Then, my running body started to fail me. First was a stress fracture of my big toe that disabled me for about two months, followed by a torn meniscus in my left knee, which was finally surgically repaired in late April. I felt like I was never going to run again. My feet and legs hurt almost all the time, and even walking and standing were painful. But I did not give up.
After the surgery, I started walking, and found I liked it more than I had expected. It provided a lot of the same benefits as running, such as a sense of well-being and accomplishment, and I found I had the same desire to walk farther and faster each walk, just like I had experienced with running three decades earlier. Slowly, I gained confidence to start mixing running back in with my walking, first a minute at a time, then extending from there. I won’t say it was nothing but forward progress, because there were minor setbacks along the way, but I stayed with it.
About three weeks ago, I decided to start getting up early again to run before work, something I had not done since I started this job a year ago January. Getting up at 5:00 just to beat Atlanta traffic to get to work was daunting enough, but I decided to get up at 4:40, run three miles, and sit in traffic due to my later start to work. I had ultimate goals in mind when I started, but the runs started very slow, and sometimes involved walking. Runs of 32 minutes or longer were not uncommon for my 3-mile runs. My three immediate to short term goals were to find the passion again in running, to break 30 minutes for three miles, to drop my weight from 180 pounds to 170 pounds by the end of September and to run a 5K in under 28 minutes by the first weekend of October.
This morning, I woke up thinking that today might be the day to run under 30 minutes for three miles. The temperature was a little cooler and drier than it has been, and I was rested from taking yesterday off. My normal 3-mile route is mostly downhill for the first mile, and mostly uphill for the second mile, with the third mile relatively flat. I usually know by my 1-mile split how the rest of the run is going to go. When I hit the 1-mile mark in 9:52, I was actually doubtful I was going to make my goal. My recent experience has been that if I run my first mile under 10, I’m already tired and slow badly the second, uphill mile. But I felt better today than I have been, so tried to keep the pace on the uphill and see what I had left for the last mile. I ran the 2nd mile in 9:50, a very nice surprise, and still felt strong, so I knew I had my goal. I picked it up the last mile, finishing with a 9:26, and still felt good at the finish. I felt like old times.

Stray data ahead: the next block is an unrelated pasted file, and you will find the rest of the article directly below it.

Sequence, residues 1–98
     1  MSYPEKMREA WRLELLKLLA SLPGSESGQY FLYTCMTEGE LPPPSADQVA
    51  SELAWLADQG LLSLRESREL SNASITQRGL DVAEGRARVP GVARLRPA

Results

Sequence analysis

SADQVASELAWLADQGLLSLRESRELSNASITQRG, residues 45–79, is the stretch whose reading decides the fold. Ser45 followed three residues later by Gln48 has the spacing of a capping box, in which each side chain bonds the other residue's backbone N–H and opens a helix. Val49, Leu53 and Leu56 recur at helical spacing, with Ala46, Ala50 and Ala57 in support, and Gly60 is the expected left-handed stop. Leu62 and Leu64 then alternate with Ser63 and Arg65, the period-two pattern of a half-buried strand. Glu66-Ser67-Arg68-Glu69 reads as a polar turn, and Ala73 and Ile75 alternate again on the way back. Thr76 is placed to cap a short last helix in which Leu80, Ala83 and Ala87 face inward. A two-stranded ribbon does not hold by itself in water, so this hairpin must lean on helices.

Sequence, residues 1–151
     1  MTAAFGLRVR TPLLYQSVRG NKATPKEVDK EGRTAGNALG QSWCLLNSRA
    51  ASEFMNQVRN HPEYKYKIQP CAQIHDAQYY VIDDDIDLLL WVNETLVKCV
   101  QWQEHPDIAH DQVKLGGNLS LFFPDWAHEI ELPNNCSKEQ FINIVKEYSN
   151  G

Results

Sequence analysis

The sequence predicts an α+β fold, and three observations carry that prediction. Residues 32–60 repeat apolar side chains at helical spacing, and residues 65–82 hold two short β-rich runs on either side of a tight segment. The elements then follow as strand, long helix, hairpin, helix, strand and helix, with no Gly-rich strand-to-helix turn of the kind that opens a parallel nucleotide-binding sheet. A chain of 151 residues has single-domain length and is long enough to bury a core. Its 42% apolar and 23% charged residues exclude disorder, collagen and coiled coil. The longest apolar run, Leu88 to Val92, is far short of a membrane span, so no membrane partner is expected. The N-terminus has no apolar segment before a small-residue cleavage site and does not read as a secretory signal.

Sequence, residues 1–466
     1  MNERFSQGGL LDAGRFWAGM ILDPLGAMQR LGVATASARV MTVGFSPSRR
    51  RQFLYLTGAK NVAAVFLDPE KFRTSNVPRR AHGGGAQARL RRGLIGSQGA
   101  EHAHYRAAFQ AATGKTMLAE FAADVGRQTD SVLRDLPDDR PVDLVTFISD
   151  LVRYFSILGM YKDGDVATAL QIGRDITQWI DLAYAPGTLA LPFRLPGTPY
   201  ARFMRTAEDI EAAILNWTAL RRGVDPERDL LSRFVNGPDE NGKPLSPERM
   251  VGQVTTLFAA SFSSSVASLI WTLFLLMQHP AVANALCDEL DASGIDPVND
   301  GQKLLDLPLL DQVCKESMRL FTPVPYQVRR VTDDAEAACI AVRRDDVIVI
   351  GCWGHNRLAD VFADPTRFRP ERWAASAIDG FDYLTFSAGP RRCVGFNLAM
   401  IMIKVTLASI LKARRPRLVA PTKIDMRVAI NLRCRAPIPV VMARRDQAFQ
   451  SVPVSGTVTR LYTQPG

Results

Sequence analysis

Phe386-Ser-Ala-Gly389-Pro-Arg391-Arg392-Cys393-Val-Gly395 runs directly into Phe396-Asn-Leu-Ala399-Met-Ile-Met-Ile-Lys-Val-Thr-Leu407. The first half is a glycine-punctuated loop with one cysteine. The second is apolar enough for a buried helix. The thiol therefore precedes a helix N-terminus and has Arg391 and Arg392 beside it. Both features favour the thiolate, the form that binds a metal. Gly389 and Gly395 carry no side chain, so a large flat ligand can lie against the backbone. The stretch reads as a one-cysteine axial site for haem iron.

So, top ten run of all time? OK, maybe not, but it did get me thinking about the past and the future, the elements passion is made of. I still have two goals to go. My weight is now 174, so I’m 60% of the way there with a month to go. And on October 4th, I’m going to make my attempt at a sub 28 5K, a time I would have been embarrassed to have publicized for most of my running life, but now, could very well be my next top ten run. I’m looking forward to September training in cooler weather, and hoping my knee, which feels pretty good right now, will stay that way.